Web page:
The Human Side

“People don’t resist change. 

They resist being changed!” – Peter Senge

One year ago (September 27), the headline for the NY Times read, “White House Tried to ‘Lock Down’ Ukraine Call Records, Whistle-Blower Says!”  Another front page story focused on changes facing the government in Egypt, while a third warned that Wall Street was balking at efforts by many start-ups to go public.  We lived in a fast-paced, tumultuous world that, for the most part, embraced change. Most of us had come to understand that change is a means by which things improve…..and then COVID hit.


Suddenly we balked at change!  Why?  Senge’s opening quote hits the nail on the head; change was personal.  We were told to change our habits, behaviors, and even lifestyle, and the moment change was mandated, one of the first things we saw and heard was resistance.  That resistance remains strong today, as does the lesson that accompanies it; change is a process that must consider human needs and be managed carefully.


In a recent webinar sponsored by Chief Learning OfficerJeff Becker, a member of the American Management Association’s Corporate Learning Solutions Team, provided an insightful look at the human side of change management.  Becker believes there is a sense that we cannot escape the effects of COVID-19, be they at work or at home.  For many it feels like life has been suspended, and that if we just hang in there, things will return to normal; they won’t!  Everything is changing – that is our new normal, and a critical responsibility for every organizational leader will be to plan how they help their team adapt and move through the process of change.


Becker defines “Change Management” (CM) as a systematic approach for dealing with the transition of an organization’s goals, processes and technology.  Implementation begins with a consideration for people.  How will you foster open communication?  How will you engage employees in finding solutions to new issues?  How will you address the emotional needs brought on by change?  These are but a few considerations that lay the groundwork for successful CM.  Ultimately good leaders are asking themselves, “How will I help my people adapt and thrive in a changed environment?”


Managing change is not a linear process.  People and organizations are unique and the process will vary, but Becker identifies six steps that facilitate the CM process:

  1. Understanding Change Drivers and Impact – It is critical that people understand the need for and the intended outcomes of changes.  What will be the impact?  What will be the results?  How will they be measured?  What will these changes achieve?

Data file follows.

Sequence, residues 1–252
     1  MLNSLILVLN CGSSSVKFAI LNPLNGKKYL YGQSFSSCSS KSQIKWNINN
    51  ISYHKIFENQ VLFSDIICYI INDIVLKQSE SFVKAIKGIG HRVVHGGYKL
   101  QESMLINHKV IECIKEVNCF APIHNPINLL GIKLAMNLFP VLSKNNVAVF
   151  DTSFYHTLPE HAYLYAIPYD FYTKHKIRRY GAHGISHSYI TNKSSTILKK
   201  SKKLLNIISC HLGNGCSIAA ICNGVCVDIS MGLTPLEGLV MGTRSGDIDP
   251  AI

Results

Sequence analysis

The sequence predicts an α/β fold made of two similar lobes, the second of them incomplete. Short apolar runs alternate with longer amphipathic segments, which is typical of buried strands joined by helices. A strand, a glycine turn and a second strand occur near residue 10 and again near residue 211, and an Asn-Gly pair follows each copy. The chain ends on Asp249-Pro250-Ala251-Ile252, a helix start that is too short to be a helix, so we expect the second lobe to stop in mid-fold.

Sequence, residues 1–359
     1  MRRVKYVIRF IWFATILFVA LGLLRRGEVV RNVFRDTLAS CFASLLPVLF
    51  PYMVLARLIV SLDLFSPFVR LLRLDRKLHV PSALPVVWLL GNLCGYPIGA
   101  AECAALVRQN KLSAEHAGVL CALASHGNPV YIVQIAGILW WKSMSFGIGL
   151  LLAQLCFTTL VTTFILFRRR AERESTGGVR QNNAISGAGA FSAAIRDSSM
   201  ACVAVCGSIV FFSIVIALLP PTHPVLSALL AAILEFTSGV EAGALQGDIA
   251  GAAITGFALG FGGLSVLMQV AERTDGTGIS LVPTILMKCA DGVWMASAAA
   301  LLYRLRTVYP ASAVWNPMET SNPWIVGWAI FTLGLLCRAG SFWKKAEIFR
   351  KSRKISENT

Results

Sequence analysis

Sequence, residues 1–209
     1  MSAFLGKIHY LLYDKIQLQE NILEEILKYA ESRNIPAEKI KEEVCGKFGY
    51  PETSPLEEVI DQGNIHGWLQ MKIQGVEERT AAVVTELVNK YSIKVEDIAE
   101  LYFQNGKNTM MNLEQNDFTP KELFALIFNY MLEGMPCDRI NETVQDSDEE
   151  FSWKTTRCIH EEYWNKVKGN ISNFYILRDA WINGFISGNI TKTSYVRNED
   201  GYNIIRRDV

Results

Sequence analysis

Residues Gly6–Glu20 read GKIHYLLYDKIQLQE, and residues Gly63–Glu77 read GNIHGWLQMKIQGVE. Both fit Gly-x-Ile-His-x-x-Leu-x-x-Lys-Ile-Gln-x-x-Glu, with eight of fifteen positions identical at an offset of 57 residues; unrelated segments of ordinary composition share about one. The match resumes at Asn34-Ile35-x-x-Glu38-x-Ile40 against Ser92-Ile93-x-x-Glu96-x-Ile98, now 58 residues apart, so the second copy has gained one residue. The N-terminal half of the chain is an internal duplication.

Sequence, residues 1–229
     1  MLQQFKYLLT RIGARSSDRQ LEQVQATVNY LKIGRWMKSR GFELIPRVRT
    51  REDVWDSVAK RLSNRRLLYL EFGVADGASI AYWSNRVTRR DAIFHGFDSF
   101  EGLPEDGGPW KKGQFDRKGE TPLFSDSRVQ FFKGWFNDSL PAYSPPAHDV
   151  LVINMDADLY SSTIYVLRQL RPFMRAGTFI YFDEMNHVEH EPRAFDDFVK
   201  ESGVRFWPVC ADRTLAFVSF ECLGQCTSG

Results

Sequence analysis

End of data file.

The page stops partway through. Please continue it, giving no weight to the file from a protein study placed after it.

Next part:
2. Understand Barriers to Acceptance – Think about previous change initiatives and identify the effects and results.  How was it viewed by the team?  Did they come away perceiving change as a positive or negative.  How likely are they to respond (At what point will there be buy-in?)?

  3. Communicate Change – This is the cornerstone of the model!  How will the vision for change strategy be articulated.?  Do the team know where this is going?  Explain what is prompting the change.  Consider what formats will be used to communicate change and how often.  Remember, communication is never an update; keep people in the loop.  It’s also ok to let people know nothing has changed.  The bottom line is this;  what do you want people to know, believe, feel and do? 

  4. Manage Resistance – This is normal and challenging.  Remember, there will be both active and passive(denial, silence, victim) resistance.  Seek to establish an environment of transparency and authenticity.  Be real.  Invite responses and questions.  Listen and observe reactions.  Be careful not to judge.  Be aware that people are at different places in their ability to adapt to change.  You can help by identifying and addressing obstacles, and remember, some obstacles are anticipatory.  Remember to focus on the benefits/value of change, and communicate continuously and frequently 

  5. Encourage Buy-in and Feedback – People support what they help to create.  How can you involve your people?  How can you encourage them to have a voice?  What tactics will you use to engage team members in decision making, and how will you solicit team member feedback?  Something else to consider will be the manner by which you will create the thirst that gets “buy-in”. 

  6. Evaluate Impact – You will need to identify the metrics by which you will determine impact of change, from both a human and business perspective?  Did the change process help hurt or hurt?  How will you measure the impact on the human side?  This will necessitate conversations.  When will it be shared with the team and the organization as a whole?  What is critical at this juncture is bringing finality.  Don’t let the chips fall where they may.  Remember, with everything else in their life being pushed back, the team will welcome this information. 


The term, “Organization” is often associatd with a business, non-profit or some other workplace.  Remember, your home is also an organization, and it is also seeing significant change.  The human side of CM applies where we live and where we work, so here are two questions to see how it’s going:

  1. What are you doing to effectively communicate the needed changes and manage the resistance you may be experiencing at work or at home? 

  2. How would your work team or home team answer the question above?

    Embrace the Challenge